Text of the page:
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15 Minutes with Brad Sherwood & Colin Mochrie

May 10, 2018 04:00PM ● By Brian Saucedo
By Nicole Gould 

When was the last time you laughed so hard that your body physically ached? Or your faced streamed with tears because you giggled uncontrollably? If you have to think about it, then it’s time for a few laughs. Let’s start with Colin Mochrie and Brad Sherwood. 


The pair are well-known as the stars of the Emmy-nominated improvisational show, Whose Line Is It Anyway? Both Mochrie and Sherwood joined the cast of Whose Line when it was a British improvisation series and continued as series regulars on the American version hosted by Drew Carey. 


After the show ended in December 2007, it was revived in July 2013 by The CW Network with host Aisha Tyler. While Mochrie is an original cast member, Sherwood will join the cast for the fifth season.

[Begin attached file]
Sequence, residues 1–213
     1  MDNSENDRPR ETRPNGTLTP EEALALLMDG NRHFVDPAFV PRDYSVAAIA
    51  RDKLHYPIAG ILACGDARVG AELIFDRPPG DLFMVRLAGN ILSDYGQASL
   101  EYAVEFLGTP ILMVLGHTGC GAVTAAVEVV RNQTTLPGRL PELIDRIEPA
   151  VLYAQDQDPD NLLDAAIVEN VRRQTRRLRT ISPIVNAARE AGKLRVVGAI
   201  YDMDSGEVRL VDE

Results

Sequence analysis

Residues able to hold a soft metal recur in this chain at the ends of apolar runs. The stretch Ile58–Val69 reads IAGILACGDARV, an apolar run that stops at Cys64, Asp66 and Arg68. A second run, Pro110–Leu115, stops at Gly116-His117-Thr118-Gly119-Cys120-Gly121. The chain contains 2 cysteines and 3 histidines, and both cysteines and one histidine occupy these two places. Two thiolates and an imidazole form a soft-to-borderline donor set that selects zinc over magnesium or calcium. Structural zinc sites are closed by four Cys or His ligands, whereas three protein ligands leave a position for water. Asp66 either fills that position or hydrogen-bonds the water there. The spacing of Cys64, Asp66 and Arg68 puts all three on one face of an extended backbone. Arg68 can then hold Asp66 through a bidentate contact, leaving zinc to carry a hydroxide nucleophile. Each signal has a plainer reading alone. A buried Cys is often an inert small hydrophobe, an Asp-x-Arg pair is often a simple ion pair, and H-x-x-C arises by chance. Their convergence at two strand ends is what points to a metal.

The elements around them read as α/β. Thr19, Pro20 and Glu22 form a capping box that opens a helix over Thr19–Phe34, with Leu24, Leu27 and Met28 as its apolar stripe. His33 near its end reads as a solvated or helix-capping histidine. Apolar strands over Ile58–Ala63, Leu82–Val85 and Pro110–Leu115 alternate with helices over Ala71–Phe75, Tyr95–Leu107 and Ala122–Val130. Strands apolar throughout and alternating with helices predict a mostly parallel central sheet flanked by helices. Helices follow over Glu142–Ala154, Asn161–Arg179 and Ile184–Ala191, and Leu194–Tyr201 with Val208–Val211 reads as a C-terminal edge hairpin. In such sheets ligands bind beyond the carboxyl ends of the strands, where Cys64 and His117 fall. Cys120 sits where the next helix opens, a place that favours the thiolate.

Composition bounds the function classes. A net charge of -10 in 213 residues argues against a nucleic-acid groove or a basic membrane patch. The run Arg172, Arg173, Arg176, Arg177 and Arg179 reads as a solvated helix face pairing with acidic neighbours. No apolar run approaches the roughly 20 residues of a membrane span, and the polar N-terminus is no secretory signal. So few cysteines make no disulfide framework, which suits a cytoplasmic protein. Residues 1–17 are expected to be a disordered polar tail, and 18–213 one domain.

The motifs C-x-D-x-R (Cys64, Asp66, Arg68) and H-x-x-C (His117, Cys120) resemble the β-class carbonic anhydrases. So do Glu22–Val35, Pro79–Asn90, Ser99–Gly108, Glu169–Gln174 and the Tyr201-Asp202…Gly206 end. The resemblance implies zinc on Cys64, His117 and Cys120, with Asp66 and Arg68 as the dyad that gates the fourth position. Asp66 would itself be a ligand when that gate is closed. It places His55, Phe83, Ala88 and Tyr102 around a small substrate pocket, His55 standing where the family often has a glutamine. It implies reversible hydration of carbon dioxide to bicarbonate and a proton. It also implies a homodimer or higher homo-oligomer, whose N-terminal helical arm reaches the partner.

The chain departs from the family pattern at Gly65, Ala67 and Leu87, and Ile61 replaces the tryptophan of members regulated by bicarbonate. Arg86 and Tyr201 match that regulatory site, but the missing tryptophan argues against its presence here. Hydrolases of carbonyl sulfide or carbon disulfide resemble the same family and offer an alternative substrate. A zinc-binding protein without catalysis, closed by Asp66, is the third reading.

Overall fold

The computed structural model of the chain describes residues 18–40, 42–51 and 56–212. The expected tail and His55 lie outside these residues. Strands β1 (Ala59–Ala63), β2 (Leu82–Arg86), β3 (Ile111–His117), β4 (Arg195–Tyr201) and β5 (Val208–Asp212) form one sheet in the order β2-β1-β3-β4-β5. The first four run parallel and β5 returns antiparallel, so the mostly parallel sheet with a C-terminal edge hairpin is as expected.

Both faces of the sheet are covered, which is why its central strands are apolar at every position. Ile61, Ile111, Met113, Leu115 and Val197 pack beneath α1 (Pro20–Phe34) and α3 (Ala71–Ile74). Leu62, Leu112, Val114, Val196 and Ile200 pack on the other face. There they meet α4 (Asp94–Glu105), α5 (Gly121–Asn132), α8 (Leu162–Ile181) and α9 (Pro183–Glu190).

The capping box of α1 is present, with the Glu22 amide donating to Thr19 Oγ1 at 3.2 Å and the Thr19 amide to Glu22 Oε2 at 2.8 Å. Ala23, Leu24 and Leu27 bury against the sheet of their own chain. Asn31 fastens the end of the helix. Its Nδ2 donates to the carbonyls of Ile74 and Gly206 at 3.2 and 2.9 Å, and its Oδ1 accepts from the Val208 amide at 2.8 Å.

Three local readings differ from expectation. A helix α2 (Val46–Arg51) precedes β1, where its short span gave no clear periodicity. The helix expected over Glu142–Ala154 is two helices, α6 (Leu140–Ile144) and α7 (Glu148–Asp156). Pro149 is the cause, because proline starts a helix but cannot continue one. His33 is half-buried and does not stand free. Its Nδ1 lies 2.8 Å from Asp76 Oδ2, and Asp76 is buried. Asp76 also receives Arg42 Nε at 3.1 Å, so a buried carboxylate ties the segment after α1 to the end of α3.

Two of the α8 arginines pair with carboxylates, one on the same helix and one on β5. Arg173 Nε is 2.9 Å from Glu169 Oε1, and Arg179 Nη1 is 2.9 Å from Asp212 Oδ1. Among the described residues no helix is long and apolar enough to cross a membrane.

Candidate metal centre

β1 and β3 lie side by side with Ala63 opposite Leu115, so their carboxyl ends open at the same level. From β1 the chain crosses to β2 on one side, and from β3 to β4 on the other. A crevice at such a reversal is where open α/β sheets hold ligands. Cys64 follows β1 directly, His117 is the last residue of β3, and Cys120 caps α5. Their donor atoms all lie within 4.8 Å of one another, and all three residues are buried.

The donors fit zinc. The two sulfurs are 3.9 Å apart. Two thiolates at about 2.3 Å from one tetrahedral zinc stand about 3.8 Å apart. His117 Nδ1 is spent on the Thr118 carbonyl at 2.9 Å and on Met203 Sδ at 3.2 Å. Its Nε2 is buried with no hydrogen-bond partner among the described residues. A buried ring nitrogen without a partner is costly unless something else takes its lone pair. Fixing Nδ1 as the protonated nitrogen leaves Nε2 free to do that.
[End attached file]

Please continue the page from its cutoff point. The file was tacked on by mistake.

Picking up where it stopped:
Unlike stand-up comedians, improv comedians create their material out of thin air, on the spot, which both Mochrie and Sherwood have become quite brilliant at. The pair of comedians has taken the phenomenon of improv to new heights with their decade running two-man tour, “An Evening with Colin & Brad,” which has become the longest running international improv show in history.

“You have to always stay open to playing in the unknown. The hard pitfall is not to default into a character you do a bunch of times or guide a theme too far in a direction. Improv is the only thing you get better by doing it over and over again, but doing it differently.”